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History of the Queen's Park Football Club 1867 - 1917
Chapter XXXIIl.—First Hampden

The experience which the club had, in its efforts to procure a suitable ground in Glasgow on which to play the 1872 International, and the interest which that match universally excited, may have opened before the members the prospect of being able to secure a ground of their own, where the possibilities of 100 gates were in sights—untold wealth—and thousands of spectators attracted to witness a football match, as was the case at the West of Scotland ground on the occasion of that historic game. The possession of a private ground would add eclat to the club, in course of time endow its funds, and give it a local habitation, where it would not exist on sufferance, so to speak, as it did on the Queen's Park Recreation Ground. The Rugby and cricket clubs had handsome enclosures of their own, but the sports which they patronised were comparatively older, and were in some favour with the public. It was an ambitious project for the Queen's Park to embark upon. All the possibilities were exhaustively discussed, and the conclusion was arrived at, that there was a reasonable hope of bringing, what was then, such a large scheme, to a successful issue. It was most unmistakably a huge undertaking, almost inconceivable when it is looked at from a financial point of view. The club, after a year's trading, had a credit balance of 9s. 9d. in the spring of 1872, and 3 12s. 11d. to the good at the same period in 1873. It had no other resources than the subscriptions of its members, who numbered sixty-five all told—"who had paid." Those early Queen's Park managers were truly great men, undeterred by seemingly insuperable obstacles, which they always managed to surmount. Others would not have dared to face these difficulties, or would have succumbed in meeting them. Not so the brilliant band who set a standard which their successors have so ably and so consistently maintained, through good report and through evil report, for no one must for a moment run away with the idea that the course of the club has all been plain sailing. They were far-seeing men those managers, and their daring anticipations were more than realised in results. Their first procedure was, as usual, the appointment of a small subcommittee. They always threw the responsibility on the few for the many to consider in full committee. Messrs. W. Ker, J. J. Thomson, and R. Leckie were appointed to look out for a ground, and report. In March, 1873, a letter was received from Mr. Cowan, of the Glasgow and Paisley Joint Railway Company, intimating that the club could have ground near Dixon's Works, at the head of Crown Street, only on condition that the club remove when desired. These terms did not suit. The locality was in no sense desirable, and was far from their beloved Queen's Park. They next approached the Town Council in April, 1873, for a park, but had at first been refused the use of it. They were more successful at the second attempt, as it was reported to the half-yearly meeting, 21st October, 1873, that the Town Council had consented to let Hampden Park, Mount Florida, to the club till the first day of May next, at a rental of 20 for that time. On the motion of Mr. D. N. Wotherspoon, seconded by Mr. J. J. Thomson, the offer of Hampden Park was accepted on the terms offered by the Town Council, 20th October, 1873.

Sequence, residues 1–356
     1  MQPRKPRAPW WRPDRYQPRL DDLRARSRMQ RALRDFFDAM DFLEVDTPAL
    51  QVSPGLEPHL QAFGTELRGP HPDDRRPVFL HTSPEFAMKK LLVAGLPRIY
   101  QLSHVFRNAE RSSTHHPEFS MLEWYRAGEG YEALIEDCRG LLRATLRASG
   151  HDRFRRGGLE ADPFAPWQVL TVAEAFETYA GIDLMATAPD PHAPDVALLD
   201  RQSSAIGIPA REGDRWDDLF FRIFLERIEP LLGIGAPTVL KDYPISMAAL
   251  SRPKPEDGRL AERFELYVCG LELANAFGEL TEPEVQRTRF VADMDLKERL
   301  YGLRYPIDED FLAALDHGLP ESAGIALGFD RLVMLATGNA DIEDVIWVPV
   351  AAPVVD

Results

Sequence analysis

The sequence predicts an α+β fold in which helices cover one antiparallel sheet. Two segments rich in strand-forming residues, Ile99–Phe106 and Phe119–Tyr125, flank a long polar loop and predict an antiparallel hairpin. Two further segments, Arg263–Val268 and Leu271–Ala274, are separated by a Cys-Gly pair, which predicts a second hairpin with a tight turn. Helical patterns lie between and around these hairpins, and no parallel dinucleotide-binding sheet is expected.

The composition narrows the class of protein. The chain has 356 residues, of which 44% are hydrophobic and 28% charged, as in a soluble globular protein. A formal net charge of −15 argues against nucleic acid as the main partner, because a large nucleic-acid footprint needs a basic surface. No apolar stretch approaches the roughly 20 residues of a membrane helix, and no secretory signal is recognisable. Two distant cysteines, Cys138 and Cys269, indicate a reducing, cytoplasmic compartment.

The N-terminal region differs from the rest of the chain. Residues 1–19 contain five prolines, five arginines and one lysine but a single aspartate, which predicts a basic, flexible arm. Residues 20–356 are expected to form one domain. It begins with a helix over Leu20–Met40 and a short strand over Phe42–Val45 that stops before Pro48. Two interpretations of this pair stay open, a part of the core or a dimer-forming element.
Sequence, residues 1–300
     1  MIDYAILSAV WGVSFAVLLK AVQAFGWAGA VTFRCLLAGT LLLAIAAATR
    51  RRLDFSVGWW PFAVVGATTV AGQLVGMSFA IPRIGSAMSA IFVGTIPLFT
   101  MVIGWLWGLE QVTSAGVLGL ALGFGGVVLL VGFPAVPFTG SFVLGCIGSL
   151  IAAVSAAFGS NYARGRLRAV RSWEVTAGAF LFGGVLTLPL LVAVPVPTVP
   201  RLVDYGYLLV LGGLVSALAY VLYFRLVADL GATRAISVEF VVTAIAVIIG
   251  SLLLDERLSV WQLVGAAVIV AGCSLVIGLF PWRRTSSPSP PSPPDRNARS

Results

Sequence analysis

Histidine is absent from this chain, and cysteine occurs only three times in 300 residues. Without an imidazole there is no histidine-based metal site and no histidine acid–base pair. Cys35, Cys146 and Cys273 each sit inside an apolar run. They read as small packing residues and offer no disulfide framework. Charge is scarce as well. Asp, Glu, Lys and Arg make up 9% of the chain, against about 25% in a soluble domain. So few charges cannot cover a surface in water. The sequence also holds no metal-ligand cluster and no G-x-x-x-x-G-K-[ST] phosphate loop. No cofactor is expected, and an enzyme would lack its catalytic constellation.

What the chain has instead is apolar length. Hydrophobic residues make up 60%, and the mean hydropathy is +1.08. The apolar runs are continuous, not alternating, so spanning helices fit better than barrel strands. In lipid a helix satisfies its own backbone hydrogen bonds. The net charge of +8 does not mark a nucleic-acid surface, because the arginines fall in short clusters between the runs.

Thanks to the courtesy of Sir John Lindsay, Town Clerk, and the late Dr. Renwick, the historian of the Corporation, we are enabled to give the Corporation side of the correspondence on the subject, and other material facts concerning the ground, and the origin of the name "Hampden Park." Unfortunately after Mr. C. B. Miller was appointed secretary to the Queen's Park Football Club, all the accumulated papers of the club were burned, with the consent of the committee, which is much to be regretted, as these papers would have been found of great value in compiling the History of Queen's Park Football Club. The reply to the letter written by Mr. Rae in April, 1873, is as follows :—

City Chambers,
Glasgow, 3rd June, 1873.

Archibald Rae, Esq.,
33 Warwick Street, Glasgow.



Your application on behalf of Queen's Park Football Club for the use of a portion of that park lying to the east of Cathcart Road, on which to play the game,, was yesterday submitted to a meeting of Committee on Parks, etc., and the committee, having fully considered the matter, deemed it inexpedient to allocate any portion of the park for the purposes mentioned.

Your obedient servant,

(Signed) J. D. Marwick.

The club made a second application, 25th September, 1873, to which the reply was:—

City Chambers,
Glasgow, 1st October, 1873.

Archibald Rae, Esq.,
33 Warwick Street, Glasgow. Sir,

I to-day submitted your letter of 25th ultimo, on behalf of the Queen's Park Football Club, to the Committee on Parks, and,, after considering the matter, they declined your offer, not considering it expedient to disturb the arrangement at present existing with the grazier to whom the park in question is let.

Your obedient servant,

(Signed) J. D. Marwick.

It was reported to the half-yearly general meeting, 21st October, 1873, that the Town Council had consented to let -.' Hampden Park, Mount Florida"—the first use of the name in the minutes—to the club, till the first day of May next, at a rental of 20 for that time. The Town Clerk's letter is as under :—

City Chambers,
Glasgow, 20th October, 1873.

Archibald Rae, Esq.,
33 Warwick Street. Sir,

The Committee on Parks had to-day your application on behalf of the Queen's Park Football Club for a let, or lease, of that park situated on the east side of the Cathcart Road, before them.

They agree to let the club the park from this date till the first day of May next at a rent, for the period, of 20, on condition that the club keep the fences in good order, and do not sub-let any portion of the park.

Please let me know if the club agree to take the park on the foregoiug terms.

Your obedient servant,

(Signed) J. D. Marwick.